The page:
cs349 - s10 - Lecture 23

CS349 - Implementing User Interfaces - Spring 2010

Public Service Annoucements

  1. Mid-term: 17 June, 2010, MC4059.

Lecture 23 - Simple Automated Layout

Characteristics of Human Perception

Mechanisms for Doing Layout

The Simplest and Best Understood Example: Document Formatting without Pictures

The design domain with the most elaborated practice is document formatting. Why?

How are documents formatted?

The key layout concepts, put together by Donald Knuth in TeX, are

  1. rectangles - algebra of rectangles
  2. elasticity - to make a top-down solution possible

Working with rectangles, like metal type.

Humans insert small pieces of metal (shims) between the letters to make it all fit. Everything is done by eye == highly learned activitity.

To get a computer to do the same thing introduce elasticity as a proxy for the shims..

As a global optimization problem this does not actually work very well.

Example, laying out a table.

Think about what we have to do to lay out a table.

  1. Collect all the table entries
  2. Collect a set of user-specified constraints, such as
  3. Create a goodness function based on our knowledge of table appearance, such as
  4. Start top-down with a set of guesses that obey the constraints.
  5. Lay out each entry using the guess.
  6. Calculate the goodness function.
  7. Change the guess and iterate to step 5, until you find a/the maximum.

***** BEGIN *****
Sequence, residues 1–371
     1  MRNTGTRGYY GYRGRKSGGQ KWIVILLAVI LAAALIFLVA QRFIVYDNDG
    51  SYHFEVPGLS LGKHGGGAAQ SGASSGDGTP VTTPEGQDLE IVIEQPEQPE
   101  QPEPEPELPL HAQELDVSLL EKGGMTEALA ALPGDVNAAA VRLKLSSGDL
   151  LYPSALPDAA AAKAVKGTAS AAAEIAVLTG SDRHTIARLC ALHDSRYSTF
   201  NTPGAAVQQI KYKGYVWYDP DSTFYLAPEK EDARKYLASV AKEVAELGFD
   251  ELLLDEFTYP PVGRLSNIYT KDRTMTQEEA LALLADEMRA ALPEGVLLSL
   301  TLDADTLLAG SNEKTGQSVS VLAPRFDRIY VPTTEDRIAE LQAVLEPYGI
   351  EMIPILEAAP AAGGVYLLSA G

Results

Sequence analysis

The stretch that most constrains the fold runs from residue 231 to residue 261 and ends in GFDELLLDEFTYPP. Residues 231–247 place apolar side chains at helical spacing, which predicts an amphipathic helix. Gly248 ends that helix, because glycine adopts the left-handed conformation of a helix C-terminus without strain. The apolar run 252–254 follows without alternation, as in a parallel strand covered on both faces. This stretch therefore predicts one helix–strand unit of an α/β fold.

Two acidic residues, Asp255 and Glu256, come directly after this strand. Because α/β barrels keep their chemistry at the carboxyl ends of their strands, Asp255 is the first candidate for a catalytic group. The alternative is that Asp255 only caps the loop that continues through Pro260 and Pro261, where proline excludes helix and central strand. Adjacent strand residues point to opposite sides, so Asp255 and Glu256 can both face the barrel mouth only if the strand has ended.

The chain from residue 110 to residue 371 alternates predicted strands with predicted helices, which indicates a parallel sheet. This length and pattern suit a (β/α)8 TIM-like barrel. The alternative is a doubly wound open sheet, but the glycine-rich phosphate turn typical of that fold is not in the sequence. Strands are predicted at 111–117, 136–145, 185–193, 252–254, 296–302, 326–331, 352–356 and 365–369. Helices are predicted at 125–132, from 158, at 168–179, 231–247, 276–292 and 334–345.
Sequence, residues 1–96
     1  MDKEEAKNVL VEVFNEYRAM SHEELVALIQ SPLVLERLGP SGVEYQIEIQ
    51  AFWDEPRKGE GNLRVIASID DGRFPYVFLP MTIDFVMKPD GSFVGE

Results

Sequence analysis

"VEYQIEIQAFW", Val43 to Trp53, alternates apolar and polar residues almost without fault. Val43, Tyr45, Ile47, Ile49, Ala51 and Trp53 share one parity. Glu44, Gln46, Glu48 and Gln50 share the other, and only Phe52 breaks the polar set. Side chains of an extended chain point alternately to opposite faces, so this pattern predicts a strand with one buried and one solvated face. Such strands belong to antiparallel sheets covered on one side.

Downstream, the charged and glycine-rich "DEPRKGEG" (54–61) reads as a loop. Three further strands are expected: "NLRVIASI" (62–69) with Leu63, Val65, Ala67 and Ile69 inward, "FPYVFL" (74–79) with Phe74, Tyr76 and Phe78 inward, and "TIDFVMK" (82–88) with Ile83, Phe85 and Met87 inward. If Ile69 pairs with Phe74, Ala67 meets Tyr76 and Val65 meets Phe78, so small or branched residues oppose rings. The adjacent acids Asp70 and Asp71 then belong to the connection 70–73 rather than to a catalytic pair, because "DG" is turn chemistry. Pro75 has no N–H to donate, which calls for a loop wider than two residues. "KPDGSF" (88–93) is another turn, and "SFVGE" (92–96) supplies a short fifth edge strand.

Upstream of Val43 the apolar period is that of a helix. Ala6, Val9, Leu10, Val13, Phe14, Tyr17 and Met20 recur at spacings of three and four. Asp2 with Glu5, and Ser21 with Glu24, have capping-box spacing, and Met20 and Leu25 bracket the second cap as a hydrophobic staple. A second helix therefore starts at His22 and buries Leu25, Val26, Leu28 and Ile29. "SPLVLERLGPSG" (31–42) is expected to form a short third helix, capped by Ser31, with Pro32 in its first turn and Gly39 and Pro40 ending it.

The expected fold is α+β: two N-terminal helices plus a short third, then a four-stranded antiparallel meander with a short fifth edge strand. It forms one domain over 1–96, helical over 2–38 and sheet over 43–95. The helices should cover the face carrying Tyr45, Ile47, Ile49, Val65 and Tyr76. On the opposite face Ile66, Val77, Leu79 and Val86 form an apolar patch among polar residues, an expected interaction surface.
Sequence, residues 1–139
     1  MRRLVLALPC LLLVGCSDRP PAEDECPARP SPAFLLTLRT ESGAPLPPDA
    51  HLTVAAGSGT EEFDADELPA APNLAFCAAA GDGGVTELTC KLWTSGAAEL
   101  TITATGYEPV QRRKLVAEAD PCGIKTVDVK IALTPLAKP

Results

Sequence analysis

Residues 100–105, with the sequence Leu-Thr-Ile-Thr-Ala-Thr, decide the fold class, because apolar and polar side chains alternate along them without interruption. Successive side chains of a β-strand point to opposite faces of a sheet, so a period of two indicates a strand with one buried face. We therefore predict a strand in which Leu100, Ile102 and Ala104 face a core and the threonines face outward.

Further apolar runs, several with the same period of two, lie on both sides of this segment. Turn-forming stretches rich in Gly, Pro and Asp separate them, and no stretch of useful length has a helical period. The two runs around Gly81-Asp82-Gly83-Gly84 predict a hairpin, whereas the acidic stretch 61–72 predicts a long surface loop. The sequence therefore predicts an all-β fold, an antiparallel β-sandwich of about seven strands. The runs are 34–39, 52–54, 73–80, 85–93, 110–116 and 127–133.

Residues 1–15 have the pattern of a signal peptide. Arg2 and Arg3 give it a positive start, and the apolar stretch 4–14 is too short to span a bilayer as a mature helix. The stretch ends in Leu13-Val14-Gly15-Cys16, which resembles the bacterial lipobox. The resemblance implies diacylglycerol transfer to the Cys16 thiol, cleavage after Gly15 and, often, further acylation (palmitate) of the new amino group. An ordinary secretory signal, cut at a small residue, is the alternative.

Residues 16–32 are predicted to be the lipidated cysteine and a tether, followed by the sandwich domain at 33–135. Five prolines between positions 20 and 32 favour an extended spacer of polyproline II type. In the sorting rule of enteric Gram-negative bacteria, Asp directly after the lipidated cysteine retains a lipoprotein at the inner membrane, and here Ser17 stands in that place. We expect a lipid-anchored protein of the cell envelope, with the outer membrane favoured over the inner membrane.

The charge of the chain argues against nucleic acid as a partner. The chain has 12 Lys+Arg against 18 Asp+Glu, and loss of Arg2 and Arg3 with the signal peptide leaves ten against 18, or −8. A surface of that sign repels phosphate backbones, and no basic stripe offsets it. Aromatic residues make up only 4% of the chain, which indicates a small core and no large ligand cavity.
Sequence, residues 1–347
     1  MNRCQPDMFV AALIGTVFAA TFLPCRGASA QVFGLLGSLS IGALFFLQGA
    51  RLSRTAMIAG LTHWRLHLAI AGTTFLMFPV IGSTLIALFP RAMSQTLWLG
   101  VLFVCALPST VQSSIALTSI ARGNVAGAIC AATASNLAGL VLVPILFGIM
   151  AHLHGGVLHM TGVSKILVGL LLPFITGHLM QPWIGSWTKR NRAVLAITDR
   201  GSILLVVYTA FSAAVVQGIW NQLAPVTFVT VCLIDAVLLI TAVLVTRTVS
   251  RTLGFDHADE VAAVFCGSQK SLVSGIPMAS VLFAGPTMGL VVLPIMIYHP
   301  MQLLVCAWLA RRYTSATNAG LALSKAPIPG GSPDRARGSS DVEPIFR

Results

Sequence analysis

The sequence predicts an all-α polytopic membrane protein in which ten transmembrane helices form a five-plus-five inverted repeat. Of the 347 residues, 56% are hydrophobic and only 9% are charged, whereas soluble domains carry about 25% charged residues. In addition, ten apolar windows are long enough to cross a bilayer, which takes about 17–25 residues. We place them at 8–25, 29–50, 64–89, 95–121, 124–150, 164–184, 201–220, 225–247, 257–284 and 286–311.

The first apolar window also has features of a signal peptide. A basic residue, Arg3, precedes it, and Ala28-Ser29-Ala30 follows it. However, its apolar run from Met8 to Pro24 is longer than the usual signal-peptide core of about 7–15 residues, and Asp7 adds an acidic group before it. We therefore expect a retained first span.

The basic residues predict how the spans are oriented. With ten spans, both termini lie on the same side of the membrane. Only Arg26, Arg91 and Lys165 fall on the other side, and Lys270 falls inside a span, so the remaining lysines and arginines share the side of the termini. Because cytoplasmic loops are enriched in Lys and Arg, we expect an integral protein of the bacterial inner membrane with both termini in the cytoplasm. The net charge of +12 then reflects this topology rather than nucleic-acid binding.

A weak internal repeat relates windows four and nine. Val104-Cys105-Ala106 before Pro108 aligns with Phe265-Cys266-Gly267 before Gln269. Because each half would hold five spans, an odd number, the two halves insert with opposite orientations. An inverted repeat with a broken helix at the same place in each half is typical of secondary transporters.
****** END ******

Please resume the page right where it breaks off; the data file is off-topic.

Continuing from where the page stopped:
8. Insert the tabel into the global document and see how it affects the overall goodness value

Change the other constraints, and iterate to step 3, until the whole document is optimized.


Lifting Constraints

A table is more general than simple text, because it is laid out in two dimensions. But compared to the elements of a 2D user interface it is still a special case. (Tables do have a lot of flexibility, however. At an early stage in the evolution of html, the introduction of tables started a long period when they were the principle formatting construct of html pages.)

So far we have seen.

  1. Perceptual mechanisms that can be exploited in making a design, the Gestalt principles.
  2. Highly constrained examples that derive from the properties of these mechanisms a set of algorithms and heuristics based on the composition of rectangles.

We will now see the design mechanism commonly used to generalize the for practical design in 2D. It works using templates, defined in terms of guides, that enforce alignment.

The assumption underlying these ideas is that we want to use grouping to indicate important relationships between interface elements.

Important. If you make the wrong decisions about what should be grouped together skillful use of the ideas we are discussing actually makes your interface worse!

A (the most?) powerful mechanism for grouping components is relative position

Perceptual psychology that underlies layout. Interface components tend to be grouped together - seen as part of a larger structure - if they have one of the following properties.

  1. They are close together
  2. Components are more likely to be grouped if they have a common alignment. Alignment is created in practice by guide lines, which you used extensively in primary school.
  3. Components can be elements of a single underlying geometry.
  4. Components can be held together by graphical elements

Layout is the geometrical arrangement of components. Its goals are

  1. the creation of desired relationships,
  2. the avoidance of undesired relationships,

not to mention other trivial issues ilke `looking appealing'.


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